MOST people have unflattering lumps and bumps, but for 21 years one man has been forced to live with a “ballbag” keloid growth on his ear.
After visiting Dr Pimple Popper’s clinic, 38-year-old JD was finally able to get rid of the “constant source of irritation”.
Dr Pimple Popper, aka, Dr Sandra Lee, was in for a nasty surprise during the surgery, which resulted in her wishing she had bought an extra pair of scrubs to the office after the growth squirted blood all over her.
JD, who is from Georgia, US, has been living with the growth for 21 years and said that if he moves too fast then it can sometimes slap him in the face.
He first started to notice the growth in his early teens and said that it resulted in him being bullied at school.
“Depression is real. It started when I was 13. Being bullied at that age, it’ll take everything out of you. As big as I was then, I was still soft. I don’t like confrontation”, he said.
He was told by doctors that it would either shrink or simply fall off of its own accord.
He said: “Sometimes it will give off an odour, like if I’m sweating, so therefore I got to keep it washed”.
With his wedding just around the corner, JD decided to visit Dr Sandra Lee at her clinic in California.
Dr Lee wasted no time in examining JD and after establishing that he used to wear earrings, she said it was likely that he was suffering with an enormous keloid.
She explained that these are growths that are usually triggered by trauma, but said this one was unlike one she had ever seen before.
“Keloids are really challenging to remove because you have to remove it in its entirety so that you’re more likely not to have a reoccurrence.
“This keloid is particularly challenging because in removing all that scar tissue there, I’m removing his whole earlobe”, Dr Lee said.
What are keloid scars?
- When the skin is broken – for example, by a cut, bite, scratch, burn, acne or piercing – the body produces more of a protein called collagen.
- Collagen gathers around damaged skin and builds up to help the wound seal over. The resulting scar usually fades over time, becoming smoother and less noticeable.
- But some scars don’t stop growing, invading healthy skin and becoming bigger than the original wound. These are known as keloid scars, which affect around 10-15% of all wounds.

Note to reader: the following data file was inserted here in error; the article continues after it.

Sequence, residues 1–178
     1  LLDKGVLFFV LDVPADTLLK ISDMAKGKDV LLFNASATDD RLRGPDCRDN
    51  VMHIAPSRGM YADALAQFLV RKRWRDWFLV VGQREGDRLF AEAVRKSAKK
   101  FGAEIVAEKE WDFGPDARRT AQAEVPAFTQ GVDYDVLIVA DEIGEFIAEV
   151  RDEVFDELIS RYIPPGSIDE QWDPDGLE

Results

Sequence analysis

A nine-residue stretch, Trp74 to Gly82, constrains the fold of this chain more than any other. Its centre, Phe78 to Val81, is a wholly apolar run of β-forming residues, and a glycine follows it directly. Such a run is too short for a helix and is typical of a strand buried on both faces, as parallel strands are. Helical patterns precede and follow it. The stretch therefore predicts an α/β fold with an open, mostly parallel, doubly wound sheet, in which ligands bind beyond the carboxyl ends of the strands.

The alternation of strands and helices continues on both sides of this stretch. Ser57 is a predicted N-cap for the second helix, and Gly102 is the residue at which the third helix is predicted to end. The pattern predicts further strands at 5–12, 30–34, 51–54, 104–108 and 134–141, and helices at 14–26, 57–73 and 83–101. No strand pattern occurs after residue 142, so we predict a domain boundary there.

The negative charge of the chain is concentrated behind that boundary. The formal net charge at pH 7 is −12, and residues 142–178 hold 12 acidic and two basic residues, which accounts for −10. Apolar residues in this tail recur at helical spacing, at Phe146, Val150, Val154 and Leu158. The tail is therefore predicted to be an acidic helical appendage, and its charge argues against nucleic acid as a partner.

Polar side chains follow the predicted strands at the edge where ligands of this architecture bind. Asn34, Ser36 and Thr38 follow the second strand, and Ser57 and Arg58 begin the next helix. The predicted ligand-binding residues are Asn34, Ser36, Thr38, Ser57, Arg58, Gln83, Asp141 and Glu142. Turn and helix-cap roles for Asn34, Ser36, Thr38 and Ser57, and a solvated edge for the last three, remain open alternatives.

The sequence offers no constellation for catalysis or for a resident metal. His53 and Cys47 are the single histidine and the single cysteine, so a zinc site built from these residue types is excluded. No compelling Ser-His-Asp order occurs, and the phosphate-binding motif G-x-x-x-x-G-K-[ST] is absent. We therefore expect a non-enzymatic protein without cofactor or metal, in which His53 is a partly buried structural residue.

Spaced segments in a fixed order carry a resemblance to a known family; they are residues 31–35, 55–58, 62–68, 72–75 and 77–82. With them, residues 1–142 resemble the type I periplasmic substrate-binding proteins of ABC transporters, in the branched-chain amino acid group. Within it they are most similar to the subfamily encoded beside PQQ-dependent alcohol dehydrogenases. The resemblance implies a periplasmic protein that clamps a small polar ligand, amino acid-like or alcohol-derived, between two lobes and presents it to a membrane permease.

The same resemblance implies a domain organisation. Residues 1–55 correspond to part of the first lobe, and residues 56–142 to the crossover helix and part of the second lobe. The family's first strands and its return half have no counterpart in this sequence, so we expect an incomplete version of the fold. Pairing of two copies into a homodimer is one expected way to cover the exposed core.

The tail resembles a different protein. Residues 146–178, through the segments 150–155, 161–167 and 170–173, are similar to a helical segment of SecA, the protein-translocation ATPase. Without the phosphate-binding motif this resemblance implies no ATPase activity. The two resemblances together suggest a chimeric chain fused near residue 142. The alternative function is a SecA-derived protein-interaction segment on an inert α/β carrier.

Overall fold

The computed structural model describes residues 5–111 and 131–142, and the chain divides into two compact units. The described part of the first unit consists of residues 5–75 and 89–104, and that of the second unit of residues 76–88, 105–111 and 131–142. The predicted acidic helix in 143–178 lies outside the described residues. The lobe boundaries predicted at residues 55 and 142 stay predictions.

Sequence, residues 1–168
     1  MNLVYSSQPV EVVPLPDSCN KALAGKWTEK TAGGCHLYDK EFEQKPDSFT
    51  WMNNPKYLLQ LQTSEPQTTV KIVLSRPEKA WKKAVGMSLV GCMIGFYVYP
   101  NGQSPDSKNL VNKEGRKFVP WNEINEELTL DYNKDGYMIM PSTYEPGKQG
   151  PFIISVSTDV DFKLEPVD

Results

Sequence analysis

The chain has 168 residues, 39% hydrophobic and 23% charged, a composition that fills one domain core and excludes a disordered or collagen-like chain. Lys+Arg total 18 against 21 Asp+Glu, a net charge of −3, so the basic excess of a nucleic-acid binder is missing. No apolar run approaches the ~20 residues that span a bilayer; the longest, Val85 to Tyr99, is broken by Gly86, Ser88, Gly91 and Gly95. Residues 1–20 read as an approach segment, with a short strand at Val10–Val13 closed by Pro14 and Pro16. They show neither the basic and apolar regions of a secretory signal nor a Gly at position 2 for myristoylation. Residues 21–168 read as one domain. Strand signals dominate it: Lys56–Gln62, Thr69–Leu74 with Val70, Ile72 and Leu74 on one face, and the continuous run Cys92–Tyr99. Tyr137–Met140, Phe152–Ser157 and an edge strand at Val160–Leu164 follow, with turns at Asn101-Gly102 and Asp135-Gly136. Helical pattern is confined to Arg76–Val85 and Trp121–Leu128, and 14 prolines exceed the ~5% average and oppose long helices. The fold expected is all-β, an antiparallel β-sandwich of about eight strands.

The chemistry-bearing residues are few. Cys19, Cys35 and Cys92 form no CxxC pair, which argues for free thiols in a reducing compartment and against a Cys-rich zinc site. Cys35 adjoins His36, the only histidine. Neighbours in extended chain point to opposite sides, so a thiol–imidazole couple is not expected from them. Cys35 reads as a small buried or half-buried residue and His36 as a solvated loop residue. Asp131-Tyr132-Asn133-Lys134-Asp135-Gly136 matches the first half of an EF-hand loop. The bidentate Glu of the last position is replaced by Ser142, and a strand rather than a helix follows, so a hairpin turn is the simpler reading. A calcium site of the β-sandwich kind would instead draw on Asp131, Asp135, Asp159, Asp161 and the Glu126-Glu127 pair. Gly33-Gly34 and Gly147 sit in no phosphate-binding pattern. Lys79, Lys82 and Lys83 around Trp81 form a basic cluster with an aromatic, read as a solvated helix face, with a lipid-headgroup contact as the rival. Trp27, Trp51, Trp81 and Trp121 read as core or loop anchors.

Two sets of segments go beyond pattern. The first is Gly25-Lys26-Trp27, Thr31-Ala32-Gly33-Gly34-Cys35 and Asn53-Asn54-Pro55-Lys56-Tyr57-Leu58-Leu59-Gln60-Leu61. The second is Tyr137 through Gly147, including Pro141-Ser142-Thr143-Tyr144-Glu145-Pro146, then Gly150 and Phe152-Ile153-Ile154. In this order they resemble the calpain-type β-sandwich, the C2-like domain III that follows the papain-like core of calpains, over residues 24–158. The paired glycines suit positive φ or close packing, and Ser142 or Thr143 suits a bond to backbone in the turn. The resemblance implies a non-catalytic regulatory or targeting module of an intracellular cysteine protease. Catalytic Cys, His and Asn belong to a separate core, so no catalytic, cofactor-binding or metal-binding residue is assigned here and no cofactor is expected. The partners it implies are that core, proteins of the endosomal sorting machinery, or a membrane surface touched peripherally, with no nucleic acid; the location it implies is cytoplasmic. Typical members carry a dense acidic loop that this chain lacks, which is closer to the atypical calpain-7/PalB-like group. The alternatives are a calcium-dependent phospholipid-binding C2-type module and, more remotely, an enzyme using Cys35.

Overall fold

- Keloid scars are more common on the upper chest, shoulders, head (especially the earlobes) and neck, but they can happen anywhere.
- Source: NHS
As Dr Lee started to operate she said she had to be careful with JD as he had a good blood supply, and she stated that she had to be careful with how much he bled.
But as she cut into the growth, a jet stream of blood squirted all over her scrubs.
She joked: “You know, when I was walking out the door today I was like ‘should I bring another change of scrubs?’”
She then had to be extremely careful with each blood vessel in order to keep blood loss to a minimum.
Dr Lee said she needed to make sure she had enough skin left at the end in order to rebuild JD’s earlobe.
“I really want to zap them when I see them and prevent a lot of bleeding”, she added.
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Once the sack was removed, Dr Lee then turned to sewing up the ear to make it look “as normal as possible”.
After the surgery, JD was shocked to see the results – after having a snooze while Dr Lee operated.
He said: “As I’m looking in the mirror, it’s like a whole other person. I feel more like a happy person.
“I hope my keloid doesn’t come back, but I’m going to keep an eye on it”, JD added.
- Dr Pimple Popper airs at 10pm on Thursdays exclusively on TLC, and stream on discovery+